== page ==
Extreme heat makes pregnancy more dangerous

By | July 26, 2022

Yale Climate Connections reports:

Esther Sanchez’s pregnancy this summer has coincided with extreme heat in Madrid, Spain, where she lives. Overnight temperatures there have been particularly uncomfortable. One recent morning, her living room was still 88 degrees Fahrenheit [31 C] at 6 a.m.

“So it was impossible to sleep and to rest and have a normal day — a normal life,” she said.

For many pregnant people — a group that can include women, girls, transgender men, and nonbinary people — heat is more than just uncomfortable. It’s dangerous.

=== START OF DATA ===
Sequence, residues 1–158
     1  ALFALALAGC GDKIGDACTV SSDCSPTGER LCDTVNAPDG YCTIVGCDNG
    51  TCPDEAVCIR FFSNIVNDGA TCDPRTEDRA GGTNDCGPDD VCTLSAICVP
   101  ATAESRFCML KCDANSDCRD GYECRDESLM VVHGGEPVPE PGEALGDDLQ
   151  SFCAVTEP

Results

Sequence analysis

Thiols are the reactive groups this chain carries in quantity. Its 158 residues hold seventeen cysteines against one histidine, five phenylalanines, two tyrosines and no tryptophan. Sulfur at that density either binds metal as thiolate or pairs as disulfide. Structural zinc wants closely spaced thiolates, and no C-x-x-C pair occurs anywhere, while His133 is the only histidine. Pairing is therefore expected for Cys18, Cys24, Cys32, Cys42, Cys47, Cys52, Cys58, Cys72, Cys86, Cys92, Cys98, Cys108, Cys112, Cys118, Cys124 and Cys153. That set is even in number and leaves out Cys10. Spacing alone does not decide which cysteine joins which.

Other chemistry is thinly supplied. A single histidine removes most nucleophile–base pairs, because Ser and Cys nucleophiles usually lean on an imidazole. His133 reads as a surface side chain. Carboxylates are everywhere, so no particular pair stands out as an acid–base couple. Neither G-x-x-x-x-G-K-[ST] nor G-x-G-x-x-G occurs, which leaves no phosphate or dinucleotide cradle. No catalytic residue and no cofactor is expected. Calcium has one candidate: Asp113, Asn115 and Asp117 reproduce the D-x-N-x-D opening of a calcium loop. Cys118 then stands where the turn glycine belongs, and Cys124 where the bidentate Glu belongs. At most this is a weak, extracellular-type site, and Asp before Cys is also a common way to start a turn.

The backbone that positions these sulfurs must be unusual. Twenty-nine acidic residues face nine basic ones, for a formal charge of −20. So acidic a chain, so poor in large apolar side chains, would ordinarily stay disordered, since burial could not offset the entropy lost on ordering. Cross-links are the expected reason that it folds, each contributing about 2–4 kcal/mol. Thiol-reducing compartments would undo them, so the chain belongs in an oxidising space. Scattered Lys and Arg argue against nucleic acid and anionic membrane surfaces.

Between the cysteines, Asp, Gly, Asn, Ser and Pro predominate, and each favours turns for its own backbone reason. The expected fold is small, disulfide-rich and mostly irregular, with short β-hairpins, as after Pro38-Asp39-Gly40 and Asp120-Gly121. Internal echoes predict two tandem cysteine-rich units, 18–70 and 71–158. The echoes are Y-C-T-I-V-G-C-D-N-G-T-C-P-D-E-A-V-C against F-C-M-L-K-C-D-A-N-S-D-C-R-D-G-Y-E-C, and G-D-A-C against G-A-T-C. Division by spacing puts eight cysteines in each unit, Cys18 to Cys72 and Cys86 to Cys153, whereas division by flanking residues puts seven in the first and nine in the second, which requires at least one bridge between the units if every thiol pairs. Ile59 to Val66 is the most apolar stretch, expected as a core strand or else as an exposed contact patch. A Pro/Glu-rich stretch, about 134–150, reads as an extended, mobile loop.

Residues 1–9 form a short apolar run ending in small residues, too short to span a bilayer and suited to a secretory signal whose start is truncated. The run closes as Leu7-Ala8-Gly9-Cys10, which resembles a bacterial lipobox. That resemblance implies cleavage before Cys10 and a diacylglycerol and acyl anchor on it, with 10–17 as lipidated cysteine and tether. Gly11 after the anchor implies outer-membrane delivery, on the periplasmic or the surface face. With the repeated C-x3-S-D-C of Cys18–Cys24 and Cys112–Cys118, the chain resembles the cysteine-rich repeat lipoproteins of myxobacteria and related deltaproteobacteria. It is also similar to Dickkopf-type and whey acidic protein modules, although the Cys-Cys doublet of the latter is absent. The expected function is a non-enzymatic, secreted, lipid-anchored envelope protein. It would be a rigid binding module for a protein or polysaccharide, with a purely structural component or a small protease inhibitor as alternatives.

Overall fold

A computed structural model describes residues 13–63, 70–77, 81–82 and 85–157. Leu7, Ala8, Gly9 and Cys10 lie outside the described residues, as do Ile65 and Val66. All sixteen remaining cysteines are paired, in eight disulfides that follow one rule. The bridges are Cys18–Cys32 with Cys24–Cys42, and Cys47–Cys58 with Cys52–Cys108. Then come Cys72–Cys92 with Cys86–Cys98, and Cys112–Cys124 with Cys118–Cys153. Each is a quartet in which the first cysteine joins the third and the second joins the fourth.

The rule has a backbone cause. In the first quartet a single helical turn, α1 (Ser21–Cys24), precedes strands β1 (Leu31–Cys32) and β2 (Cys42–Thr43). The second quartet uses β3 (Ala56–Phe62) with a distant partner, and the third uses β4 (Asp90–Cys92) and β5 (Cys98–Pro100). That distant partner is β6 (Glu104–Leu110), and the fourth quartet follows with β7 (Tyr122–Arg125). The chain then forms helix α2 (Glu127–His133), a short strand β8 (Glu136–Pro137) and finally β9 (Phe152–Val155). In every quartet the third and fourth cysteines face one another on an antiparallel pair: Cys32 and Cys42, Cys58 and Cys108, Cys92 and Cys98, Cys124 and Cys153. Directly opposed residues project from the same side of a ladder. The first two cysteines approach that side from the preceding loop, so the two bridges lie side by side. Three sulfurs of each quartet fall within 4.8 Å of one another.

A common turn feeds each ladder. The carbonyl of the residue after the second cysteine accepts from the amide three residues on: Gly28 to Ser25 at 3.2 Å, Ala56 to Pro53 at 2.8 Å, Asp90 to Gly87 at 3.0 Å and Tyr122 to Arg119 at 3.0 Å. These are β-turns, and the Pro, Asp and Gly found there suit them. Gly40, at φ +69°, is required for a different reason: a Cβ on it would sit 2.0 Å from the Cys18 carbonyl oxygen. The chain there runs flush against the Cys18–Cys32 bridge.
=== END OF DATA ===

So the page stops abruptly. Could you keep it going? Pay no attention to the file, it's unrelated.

Pregnant people are more likely to experience heat stroke and heat exhaustion, according to the CDC. High temperatures can increase risks of stillbirth and preterm birth. And experts worry that state officials may scrutinize such pregnancy outcomes more closely in the wake of the June 2022 Supreme Court decision overturning the constitutional right to abortion.

Climate change raises these stakes even higher. Hot days are already more common. Heat waves are hotter and last longer than they were in the past, increasing the risk of heat-related illnesses and death. [Continue reading…]

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